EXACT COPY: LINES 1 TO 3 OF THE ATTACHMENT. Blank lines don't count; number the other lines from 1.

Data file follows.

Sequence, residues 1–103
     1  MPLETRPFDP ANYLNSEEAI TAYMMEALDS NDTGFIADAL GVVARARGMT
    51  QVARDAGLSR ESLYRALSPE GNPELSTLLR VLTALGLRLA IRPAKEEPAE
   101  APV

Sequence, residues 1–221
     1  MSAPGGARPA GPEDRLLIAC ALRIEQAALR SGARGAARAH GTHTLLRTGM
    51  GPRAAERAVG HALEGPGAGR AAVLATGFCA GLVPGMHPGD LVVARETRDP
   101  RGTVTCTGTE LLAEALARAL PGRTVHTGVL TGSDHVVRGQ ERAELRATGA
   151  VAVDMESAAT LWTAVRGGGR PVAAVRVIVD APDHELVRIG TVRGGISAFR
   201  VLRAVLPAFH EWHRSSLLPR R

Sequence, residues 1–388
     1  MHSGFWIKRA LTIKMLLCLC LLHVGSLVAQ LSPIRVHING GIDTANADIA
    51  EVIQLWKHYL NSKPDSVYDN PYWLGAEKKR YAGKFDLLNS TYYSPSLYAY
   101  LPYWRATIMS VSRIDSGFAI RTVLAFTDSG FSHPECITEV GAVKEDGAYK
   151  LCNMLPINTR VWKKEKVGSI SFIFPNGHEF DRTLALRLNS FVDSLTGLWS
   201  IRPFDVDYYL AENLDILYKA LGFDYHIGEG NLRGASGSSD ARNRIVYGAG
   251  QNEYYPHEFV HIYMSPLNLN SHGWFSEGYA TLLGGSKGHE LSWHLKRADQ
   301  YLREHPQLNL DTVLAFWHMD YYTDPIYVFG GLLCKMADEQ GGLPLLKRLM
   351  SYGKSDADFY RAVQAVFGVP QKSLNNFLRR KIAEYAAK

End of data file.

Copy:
Sequence, residues 1–103
     1  MPLETRPFDP ANYLNSEEAI TAYMMEALDS NDTGFIADAL GVVARARGMT
    51  QVARDAGLSR ESLYRALSPE GNPELSTLLR VLTALGLRLA IRPAKEEPAE